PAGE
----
The issue of whether the silks system should be abolished, substantially reformed or left untouched is fast gathering pace. “The time has come to bring the debate to a head,” said Lord Falconer in his foreword to the Government’s latest consultation paper concerning the QC system, published in July 2003, ‘Constitutional Reform: The Future of Queen’s Counsel’.
Wholesale change would be an ambitious project, bearing in mind the system has been in place for some 400 years. The latest consultation paper follows the responses made to the Government’s earlier paper, ‘In the Public Interest’, of July 2002. If anyone doubted the Government’s mettle to see the project through, Lord Irvine, Lord Falconer’s predecessor as Lord Chancellor, removed them unilaterally by suspending the appointments system for 2004 pending the current consultation.
The consultation so far has been wide, with more than 150 formal responses to ‘In the Public Interest’ from professional organisations, firms, associations and individuals, including the Bar Council and the Law Society. The prospect of the silks system being abolished, or at least very substantially reformed, has never seemed closer; and as the responses demonstrate, opinions in the legal community are polarising.
Unsurprisingly, perhaps, respondents to the earlier consultation paper were overwhelmingly lawyers. What is less debated is what the clients – those at the sharp end of the QC system – make of it all. Particularly those international business clients the UK is so keen to attract. It is the clients, after all, who stand to gain or suffer from the proposed changes, yet their interests are so often ignored in many of the views expressed. Do clients appreciate the kitemark that the QC designation allegedly denotes? Do they welcome the opportunity to consult a lawyer appointed by the Queen on the recommendation of a Government minister? And most importantly, do they feel the system gives them value for money?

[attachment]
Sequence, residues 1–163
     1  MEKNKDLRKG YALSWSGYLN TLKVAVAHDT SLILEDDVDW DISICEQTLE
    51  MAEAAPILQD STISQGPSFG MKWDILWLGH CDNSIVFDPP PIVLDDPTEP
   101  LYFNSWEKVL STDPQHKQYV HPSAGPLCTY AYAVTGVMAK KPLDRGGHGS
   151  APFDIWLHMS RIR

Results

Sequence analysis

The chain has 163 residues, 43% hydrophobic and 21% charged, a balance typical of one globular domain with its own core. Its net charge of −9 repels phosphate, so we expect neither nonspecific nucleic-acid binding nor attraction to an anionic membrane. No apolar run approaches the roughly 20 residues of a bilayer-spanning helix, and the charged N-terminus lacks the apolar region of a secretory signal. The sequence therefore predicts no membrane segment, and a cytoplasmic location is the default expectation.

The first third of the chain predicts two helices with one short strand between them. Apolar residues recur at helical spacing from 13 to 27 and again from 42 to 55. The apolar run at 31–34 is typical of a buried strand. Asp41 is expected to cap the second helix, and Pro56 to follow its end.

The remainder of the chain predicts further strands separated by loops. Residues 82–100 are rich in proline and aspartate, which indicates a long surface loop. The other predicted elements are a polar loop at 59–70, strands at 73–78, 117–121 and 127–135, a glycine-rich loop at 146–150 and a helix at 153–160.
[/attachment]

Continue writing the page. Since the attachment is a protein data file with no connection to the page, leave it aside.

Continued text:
As a partnership that numbers among its ranks one of the first three solicitors appointed to silk (David Mackie QC), it is perhaps unsurprising that Allen & Overy‘s (A&O) clients are not at the vanguard of the abolitionists. Clients, especially domestic ones, value the fact that the QC advising them has satisfied someone that they have met a certain level of competence (although who that someone should be is more controversial). Clients not only have an expectation that they will receive the best possible advice (if only that were always true), but they also feel that by instructing a QC they are discharging their duty to obtain the right calibre of advice.
As one in-house counsel said: “In an increasingly regulated environment, with more disclosure obligations, more corporate governance and higher levels of scrutiny, boards of public companies are becoming more cautious. The QC badge has a cachet which provides reassurance to the board that they’re behaving reasonably in getting the right advice.” In short, not only does the badge carry weight, but the fact of obtaining the advice gives senior management another weapon in their armoury against the aggrieved shareholder, liquidator or regulator.
On the other hand, many international clients and lawyers are less sanguine about the system, particularly those from jurisdictions with a fused profession. Most simply want the best person for the job. Those more familiar with the split profession, particularly from Commonwealth countries, generally have a more sympathetic understanding of the QC status and are quicker to appreciate its merits.